According to constitutional lawyer Lyle Skinner, all those issues might end up getting the Newfoundland & Labrador election in court, especially surrounding the idea that voters who did not get their ballot had their right to vote denied. However, Skinner does not believe that Newfoundland & Labrador election will be nullified unless all 40 electoral districts successfully challenge the results. “That does cost a lot of time and money,” Skinner said.
Spring Federal Election?
As previously mentioned, Newfoundland & Labrador is the fourth province to enter an election in the middle of the pandemic. However, unlike in Newfoundland & Labrador, the provincial elections in New Brunswick, British Columbia, and Saskatchewan went smooth. Interestingly, all four provinces are that all of their governing parties were rewarded with a majority government. In other words, the governing party in these four provinces all got a boost to their standings.
This point is relevant when you consider that the federal Liberal Party currently forms a minority government in Ottawa. Speculation about a snap federal election in the spring of 2021 has been circulated in Ottawa since last fall. However, the Newfoundland and Labrador election outcome has shown that holding an election too early in the middle of a pandemic may backfire politically and socially. As of right now, Canada is in the middle of a third wave of COVID-19 infections, with record new COVID-19 cases across some parts of the country. Health officials are even labelling this third wave as the worst one yet. On top of that, only 14% of the entire population have received just one shot of the COVID-19 vaccine. Holding a federal election this spring might prove to be reckless, not to mention politically dangerous to whoever forces the government to drop the writ of election.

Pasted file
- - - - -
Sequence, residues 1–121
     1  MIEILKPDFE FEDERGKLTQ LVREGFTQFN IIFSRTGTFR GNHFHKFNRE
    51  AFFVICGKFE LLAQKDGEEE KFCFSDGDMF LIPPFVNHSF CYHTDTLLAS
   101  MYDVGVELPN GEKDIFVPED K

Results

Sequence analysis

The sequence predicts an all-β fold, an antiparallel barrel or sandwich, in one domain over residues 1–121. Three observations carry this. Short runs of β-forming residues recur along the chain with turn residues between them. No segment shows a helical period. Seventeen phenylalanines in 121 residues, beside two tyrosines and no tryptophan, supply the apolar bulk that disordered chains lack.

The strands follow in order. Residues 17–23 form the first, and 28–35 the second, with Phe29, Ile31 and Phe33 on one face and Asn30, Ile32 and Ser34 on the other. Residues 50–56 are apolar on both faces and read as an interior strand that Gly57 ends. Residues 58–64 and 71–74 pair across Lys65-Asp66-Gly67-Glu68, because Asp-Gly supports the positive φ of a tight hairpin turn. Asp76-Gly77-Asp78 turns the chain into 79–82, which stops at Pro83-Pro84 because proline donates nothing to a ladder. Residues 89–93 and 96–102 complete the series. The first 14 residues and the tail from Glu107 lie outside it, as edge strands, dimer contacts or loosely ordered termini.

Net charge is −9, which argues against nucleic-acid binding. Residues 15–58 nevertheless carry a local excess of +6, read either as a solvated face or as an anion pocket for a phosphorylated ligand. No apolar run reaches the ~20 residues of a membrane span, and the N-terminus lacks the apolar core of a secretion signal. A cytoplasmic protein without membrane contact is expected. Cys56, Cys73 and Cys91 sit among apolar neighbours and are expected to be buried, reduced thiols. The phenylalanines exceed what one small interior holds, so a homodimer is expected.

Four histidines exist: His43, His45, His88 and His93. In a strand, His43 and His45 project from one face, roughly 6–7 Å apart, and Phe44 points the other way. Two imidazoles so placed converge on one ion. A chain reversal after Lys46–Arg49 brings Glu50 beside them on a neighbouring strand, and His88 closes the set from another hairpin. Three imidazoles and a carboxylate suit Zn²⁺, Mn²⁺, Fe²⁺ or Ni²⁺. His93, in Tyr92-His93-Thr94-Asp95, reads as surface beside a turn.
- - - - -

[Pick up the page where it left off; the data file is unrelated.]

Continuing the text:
Despite every federal political party’s wishes not to have a federal election this spring, the government will be presented a federal budget on April 19. Should this budget fail to get support in the House of Commons, the government will be obliged by convention to call a snap election, risking the chance of worsening Canada’s COVID-19 case numbers, just like it happened in Newfoundland and Labrador. All eyes will be focused in Ottawa on whether we will have a spring federal election in the middle of the deadliest pandemic in a century.
By Jacques Wang